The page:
I had two conditions for letting Rose back into Baseball. First was that he had to come clean on the gambling issue. He's done that. Second was that he had to beg for forgiveness and show that he's a changed man. I didn't see any of that in the interview. As far as I'm concerned, this is all about Rose selling books and getting into the Hall of Fame so that the autographed junk he sells is worth a little more money.

As far as I'm concerned, MLB should continue Rose's banishment from the game. He still doesn't get what he's done and why he's being punished. After 15 years, you would think it would have sunk it.

Sunday, January 11, 2004

Is this what it's come to? What happened to our Patriots of yesteryear? The Patriots of Rod Rust, Billy Sullivan, Chuck Fairbanks announcing he was leaving the team on the eve of a playoff game. The Patriots who wandered Boston and Cambridge, playing games at Fenway Park, Harvard Stadium and Nickerson Field before finally landing in Foxboro? They played there for 30 years in a glorified high school stadium that had three names (Schaefer, Sullivan and Foxboro), before finally being put out of it's misery after the legendary Snow Bowl game in 2001.

Now, everything has changed. The Pats are actually EXPECTED to win the Super Bowl. Anything less, even reaching the AFC Championship game would be a huge disappointment! They play in a state-of-the-art stadium to sold-out crowds and have a 40,000 person paid waiting list in case anyone decides to give up their season tickets. They have the Coach of the Year and their director of player personnel, Scott Pioli is widely regarded as one of the best in the game.

Last night's epic 17-14 win over the Tennessee Titans was one more example of the Patriots new magic. The Titans were called for penalties at critical moments. Their team is the one that couldn't stop the Pats when it counted. And at the end, in a quote that could have easily been attributed to a bitter Patriot in years past, Titans guard Zach Piller said, "Everyone was talking about their defense. I thought it sucked." It was good enough to send your butt home on the next flight to Nashville, Zach. Have fun watching the rest of the postseason on TV.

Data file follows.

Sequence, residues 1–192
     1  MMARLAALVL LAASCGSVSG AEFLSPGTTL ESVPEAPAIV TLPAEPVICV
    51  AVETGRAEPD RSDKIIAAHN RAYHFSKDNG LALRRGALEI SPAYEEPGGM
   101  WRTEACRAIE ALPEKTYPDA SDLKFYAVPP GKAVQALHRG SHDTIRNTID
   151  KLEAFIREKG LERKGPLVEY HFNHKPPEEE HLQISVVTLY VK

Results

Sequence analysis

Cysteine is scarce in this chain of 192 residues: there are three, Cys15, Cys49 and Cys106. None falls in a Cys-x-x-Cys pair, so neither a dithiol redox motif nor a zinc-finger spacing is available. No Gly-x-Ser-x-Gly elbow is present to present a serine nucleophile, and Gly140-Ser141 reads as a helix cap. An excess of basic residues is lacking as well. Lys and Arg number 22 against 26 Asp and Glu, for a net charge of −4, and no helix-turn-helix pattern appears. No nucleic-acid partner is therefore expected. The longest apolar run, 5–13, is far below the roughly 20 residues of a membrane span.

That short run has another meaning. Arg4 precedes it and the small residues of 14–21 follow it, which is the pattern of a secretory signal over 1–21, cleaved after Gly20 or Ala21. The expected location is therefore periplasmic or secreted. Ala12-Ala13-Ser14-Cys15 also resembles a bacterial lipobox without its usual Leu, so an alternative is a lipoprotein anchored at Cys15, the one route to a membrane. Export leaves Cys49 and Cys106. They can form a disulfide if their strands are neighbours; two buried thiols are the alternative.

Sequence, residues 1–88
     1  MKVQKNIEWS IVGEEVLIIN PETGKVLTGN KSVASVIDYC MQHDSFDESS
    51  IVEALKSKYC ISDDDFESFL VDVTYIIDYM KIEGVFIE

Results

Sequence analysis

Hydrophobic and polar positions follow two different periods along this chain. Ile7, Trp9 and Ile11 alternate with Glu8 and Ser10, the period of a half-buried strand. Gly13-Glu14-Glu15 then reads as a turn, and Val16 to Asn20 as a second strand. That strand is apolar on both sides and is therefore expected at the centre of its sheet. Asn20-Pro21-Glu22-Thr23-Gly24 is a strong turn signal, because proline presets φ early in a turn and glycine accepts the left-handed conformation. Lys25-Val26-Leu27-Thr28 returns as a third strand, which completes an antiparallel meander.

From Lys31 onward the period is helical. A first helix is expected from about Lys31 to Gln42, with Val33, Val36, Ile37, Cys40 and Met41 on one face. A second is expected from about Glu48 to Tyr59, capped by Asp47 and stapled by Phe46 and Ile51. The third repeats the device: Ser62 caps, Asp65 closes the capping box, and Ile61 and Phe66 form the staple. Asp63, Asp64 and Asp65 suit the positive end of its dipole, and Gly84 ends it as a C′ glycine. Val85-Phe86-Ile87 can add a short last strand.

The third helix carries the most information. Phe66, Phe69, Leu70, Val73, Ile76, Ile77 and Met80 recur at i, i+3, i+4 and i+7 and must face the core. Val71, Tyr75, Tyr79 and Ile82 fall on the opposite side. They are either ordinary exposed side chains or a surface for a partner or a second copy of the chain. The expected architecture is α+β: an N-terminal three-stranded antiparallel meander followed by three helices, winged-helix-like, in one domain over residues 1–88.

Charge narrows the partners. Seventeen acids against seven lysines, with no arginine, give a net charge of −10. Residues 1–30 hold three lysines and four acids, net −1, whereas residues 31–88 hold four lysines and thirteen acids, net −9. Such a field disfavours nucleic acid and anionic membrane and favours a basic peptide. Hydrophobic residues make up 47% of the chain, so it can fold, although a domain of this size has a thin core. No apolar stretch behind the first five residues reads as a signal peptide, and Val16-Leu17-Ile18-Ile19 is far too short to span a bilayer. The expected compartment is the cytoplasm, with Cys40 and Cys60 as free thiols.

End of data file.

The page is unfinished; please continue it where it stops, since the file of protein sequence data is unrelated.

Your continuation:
Of course, what more can be said about New England's hero, Adam Vinatieri? The hero of the Snow Bowl and Super Bowl XXXVI had appeared to lose it a bit this season. He wasn't as automatic as he used to be. But when the game was on the line, tied with just over four minutes to play, Vinatieri kicked a 46-yarder through the brutal single-digit cold and once again provided the winning margin for our team.

One more thing about the game. I want to salute the Patriots fans who sat out there at Gillette Stadium in the worst cold snap New England has experienced in a decade. While I watched the game in the comfort of my friend Bill's house, those lunatics sat outside for hours, cheering on the home team. The amazing thing was that no one seemed to leave! The stadium was just as full at the end of the game as at the beginning. And I'm sure that those of you who dropped a bundle on cold weather gear this week will be glad you'll have another chance to use it next weekend at the AFC Championship game against the Indianapolis Colts.

Wednesday, January 07, 2004

Got a few topics to cover today...

Last night I ran into this bizzare snowstorm. I was driving from the train station to my chiropractors for my regular Tuesday evening appointment. As I was driving up the road, I ran into this WALL OF SNOW. Literally, one second everything was clear, and the next second I'm in the middle of what appears to be a blizzard. Visibility went down to practically nothing. I was just following the tail lights in front of me and hoping he knew what he was doing. I made it to the chiropractor in one piece, but the conditions made for a few minutes of nervousness. When I left after my adjustment, the snow had stopped and the skies were clear again.